Distribution Considerations for macOS

This document describes some of the considerations when you want to install/run a PyOxidizer-built application on a separate macOS machine from the one that built it.

Operating System and Architecture Requirements

PyOxidizer has support for targeting x86_64 (Intel) and aarch64 (ARM) Apple devices. The default Python distributions target macOS 10.9+ for x86_64 and 11.0+ for aarch64.

Build Machine Requirements

PyOxidizer needs to link new binaries containing Python. Due to the way linking works on Apple platforms, you must use an Apple SDK no older than the one used to build the Python distributions or linker errors (likely undefined symbols) can occur.

PyOxidizer will automatically attempt to locate, validate, and use an appropriate Apple SDK given requirements specified by the Python distribution in use. If you have Xcode or the Xcode Commandline Tools installed, PyOxidizer should be able to locate Apple SDKs automatically. When building, PyOxidizer will print information about Apple SDK discovery. More details are printed when running pyoxidizer --verbose.

PyOxidizer will automatically look for SDKs in the directory specified by xcode-select --print-path. This path is often /Applications/Xcode.app/Contents/Developer. You can specify an alternative directory by setting the DEVELOPER_DIR environment variable. e.g.:

DEVELOPER_DIR=/Applications/Xcode-beta.app/Contents/Developer pyoxidizer build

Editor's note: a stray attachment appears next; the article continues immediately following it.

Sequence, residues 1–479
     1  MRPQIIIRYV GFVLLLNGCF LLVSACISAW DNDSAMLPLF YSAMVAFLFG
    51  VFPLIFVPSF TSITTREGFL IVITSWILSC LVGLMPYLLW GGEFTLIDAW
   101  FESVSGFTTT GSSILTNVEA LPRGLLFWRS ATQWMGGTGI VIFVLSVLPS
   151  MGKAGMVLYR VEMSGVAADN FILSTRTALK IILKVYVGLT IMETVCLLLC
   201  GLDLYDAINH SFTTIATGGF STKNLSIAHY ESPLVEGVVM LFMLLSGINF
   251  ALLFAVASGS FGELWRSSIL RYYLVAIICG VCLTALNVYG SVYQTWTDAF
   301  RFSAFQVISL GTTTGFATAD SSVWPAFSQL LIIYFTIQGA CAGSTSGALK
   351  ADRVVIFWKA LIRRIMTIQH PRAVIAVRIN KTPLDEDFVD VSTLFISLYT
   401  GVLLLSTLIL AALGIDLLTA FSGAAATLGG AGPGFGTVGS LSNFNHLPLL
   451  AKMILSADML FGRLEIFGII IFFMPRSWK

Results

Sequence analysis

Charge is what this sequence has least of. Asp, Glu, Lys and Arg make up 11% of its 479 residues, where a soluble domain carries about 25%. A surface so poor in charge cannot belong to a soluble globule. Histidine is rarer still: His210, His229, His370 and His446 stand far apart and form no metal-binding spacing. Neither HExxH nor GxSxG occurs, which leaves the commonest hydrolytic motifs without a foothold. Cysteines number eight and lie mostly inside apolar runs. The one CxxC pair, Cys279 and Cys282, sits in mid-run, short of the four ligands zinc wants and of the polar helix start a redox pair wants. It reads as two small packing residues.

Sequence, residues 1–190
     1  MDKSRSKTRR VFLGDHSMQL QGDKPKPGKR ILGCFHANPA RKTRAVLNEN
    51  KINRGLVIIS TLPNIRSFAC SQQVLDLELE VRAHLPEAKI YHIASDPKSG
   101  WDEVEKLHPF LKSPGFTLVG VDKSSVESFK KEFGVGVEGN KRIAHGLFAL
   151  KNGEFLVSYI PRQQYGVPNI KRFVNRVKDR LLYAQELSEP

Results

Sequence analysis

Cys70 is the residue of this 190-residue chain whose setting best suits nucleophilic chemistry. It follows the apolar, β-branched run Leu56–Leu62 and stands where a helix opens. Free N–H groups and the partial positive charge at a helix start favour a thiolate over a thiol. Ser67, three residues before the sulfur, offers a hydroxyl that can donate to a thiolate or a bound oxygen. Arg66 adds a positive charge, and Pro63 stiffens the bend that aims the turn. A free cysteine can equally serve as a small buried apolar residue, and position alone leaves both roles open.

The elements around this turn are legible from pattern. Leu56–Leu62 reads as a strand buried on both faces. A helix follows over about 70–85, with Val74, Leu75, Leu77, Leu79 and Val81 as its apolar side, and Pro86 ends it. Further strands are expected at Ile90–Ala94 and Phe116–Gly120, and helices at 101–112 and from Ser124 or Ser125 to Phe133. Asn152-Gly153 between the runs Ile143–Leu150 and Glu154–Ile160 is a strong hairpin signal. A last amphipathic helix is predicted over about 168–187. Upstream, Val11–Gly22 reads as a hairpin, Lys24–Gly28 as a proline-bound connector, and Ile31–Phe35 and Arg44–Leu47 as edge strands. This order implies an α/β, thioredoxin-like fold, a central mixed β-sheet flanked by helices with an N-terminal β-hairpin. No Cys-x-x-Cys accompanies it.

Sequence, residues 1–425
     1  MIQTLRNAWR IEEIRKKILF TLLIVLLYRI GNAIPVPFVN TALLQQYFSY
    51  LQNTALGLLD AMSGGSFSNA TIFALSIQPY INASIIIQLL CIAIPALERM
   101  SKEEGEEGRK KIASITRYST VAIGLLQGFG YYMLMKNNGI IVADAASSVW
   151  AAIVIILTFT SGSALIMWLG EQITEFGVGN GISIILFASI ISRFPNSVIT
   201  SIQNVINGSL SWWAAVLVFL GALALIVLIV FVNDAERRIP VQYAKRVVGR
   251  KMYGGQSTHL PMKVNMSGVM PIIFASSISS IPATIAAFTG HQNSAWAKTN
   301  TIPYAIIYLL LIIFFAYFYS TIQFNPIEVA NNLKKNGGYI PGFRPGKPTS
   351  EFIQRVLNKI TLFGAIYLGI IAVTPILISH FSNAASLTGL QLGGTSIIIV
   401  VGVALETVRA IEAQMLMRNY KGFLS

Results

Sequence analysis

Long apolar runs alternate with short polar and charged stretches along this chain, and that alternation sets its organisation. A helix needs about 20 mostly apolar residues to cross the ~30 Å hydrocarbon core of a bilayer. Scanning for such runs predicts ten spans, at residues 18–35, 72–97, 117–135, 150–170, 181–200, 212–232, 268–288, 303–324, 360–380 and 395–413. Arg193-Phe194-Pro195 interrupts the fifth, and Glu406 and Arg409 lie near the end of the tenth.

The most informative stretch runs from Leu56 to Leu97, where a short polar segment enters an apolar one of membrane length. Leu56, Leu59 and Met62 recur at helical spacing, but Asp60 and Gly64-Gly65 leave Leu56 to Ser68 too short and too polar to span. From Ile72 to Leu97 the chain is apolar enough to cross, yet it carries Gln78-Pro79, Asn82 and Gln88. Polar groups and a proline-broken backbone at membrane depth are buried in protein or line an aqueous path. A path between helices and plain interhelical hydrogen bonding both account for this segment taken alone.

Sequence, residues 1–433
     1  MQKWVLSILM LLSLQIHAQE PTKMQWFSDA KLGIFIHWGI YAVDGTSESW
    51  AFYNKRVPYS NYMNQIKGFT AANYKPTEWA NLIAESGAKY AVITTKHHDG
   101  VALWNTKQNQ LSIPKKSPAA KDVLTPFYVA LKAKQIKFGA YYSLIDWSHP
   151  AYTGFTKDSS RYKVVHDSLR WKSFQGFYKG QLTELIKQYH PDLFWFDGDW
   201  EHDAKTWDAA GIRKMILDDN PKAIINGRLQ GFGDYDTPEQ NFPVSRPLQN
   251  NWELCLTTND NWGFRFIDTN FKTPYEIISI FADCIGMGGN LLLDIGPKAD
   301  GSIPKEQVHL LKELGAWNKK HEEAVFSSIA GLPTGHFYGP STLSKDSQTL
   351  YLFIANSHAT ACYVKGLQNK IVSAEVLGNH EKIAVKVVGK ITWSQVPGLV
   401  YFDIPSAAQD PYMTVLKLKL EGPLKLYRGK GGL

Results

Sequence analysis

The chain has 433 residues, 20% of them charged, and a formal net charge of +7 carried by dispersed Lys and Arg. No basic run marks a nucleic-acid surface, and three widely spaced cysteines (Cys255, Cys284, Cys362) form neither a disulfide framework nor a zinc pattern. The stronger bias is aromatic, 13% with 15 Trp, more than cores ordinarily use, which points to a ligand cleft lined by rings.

You can override PyOxidizer’s automatic SDK discovery by setting SDKROOT to the base directory of an Apple SDK you want to use. (If you find yourself doing this to work around SDK discovery bugs, please consider creating a GitHub issue to track the problem.) e.g.:

SDKROOT=/Applications/Xcode.app/Contents/Developer/Platforms/MacOSX.platform/Developer/SDKs/MacOSX.sdk pyoxidizer build

Python Distribution Dependencies

The default Python distributions used by PyOxidizer have dependencies on system libraries outside of the Python distribution.

The python-build-standalone project has gone to great lengths to ensure that the Python distributions only link against external libraries and symbols that are present on a default macOS installation.

The default Python distributions are built to target macOS 10.9 on x86_64 and 11.0 on aarch64. So they should just work on those and any newer versions of macOS.

Single Architecture Binaries

PyOxidizer currently only emits single architecture binaries.

Multiple architecture binaries (often referred to as universal or fat binaries) can not (yet) be emitted natively by PyOxidizer.

This means that if you distribute a binary produced by PyOxidizer and want it to run on both Intel and ARM machines, you will need to maintain separate artifacts for Intel and ARM machines or you will need to produce a fat binary outside of PyOxidizer.

https://github.com/indygreg/PyOxidizer/issues/372 tracks implementing support for emitting fat binaries from PyOxidizer. Please engage there if this feature is important to you.

Managing Portability of Built Applications

Like Linux, the macOS build environment can leak into the built application and introduce additional dependencies and degrade the portability of the default Python distributions.

It is common for built binaries to pull in modern macOS SDK features. A common way to prevent this is to set the MACOSX_DEPLOYMENT_TARGET environment variable during the build to the oldest version of macOS you want to support.

The default Python distributions target macOS 10.9 on x86_64 and 11.0 on aarch64.


PyOxidizer will automatically set the deployment target to match what the Python distribution was built with, so in many cases you don’t need to worry about version targeting.

If you wish to override the default deployment targets, set an alternative value using the appropriate environment variable.:

$ MACOSX_DEPLOYMENT_TARGET=10.15 pyoxidizer build

Apple’s Xcode documentation has various guides useful for further consideration.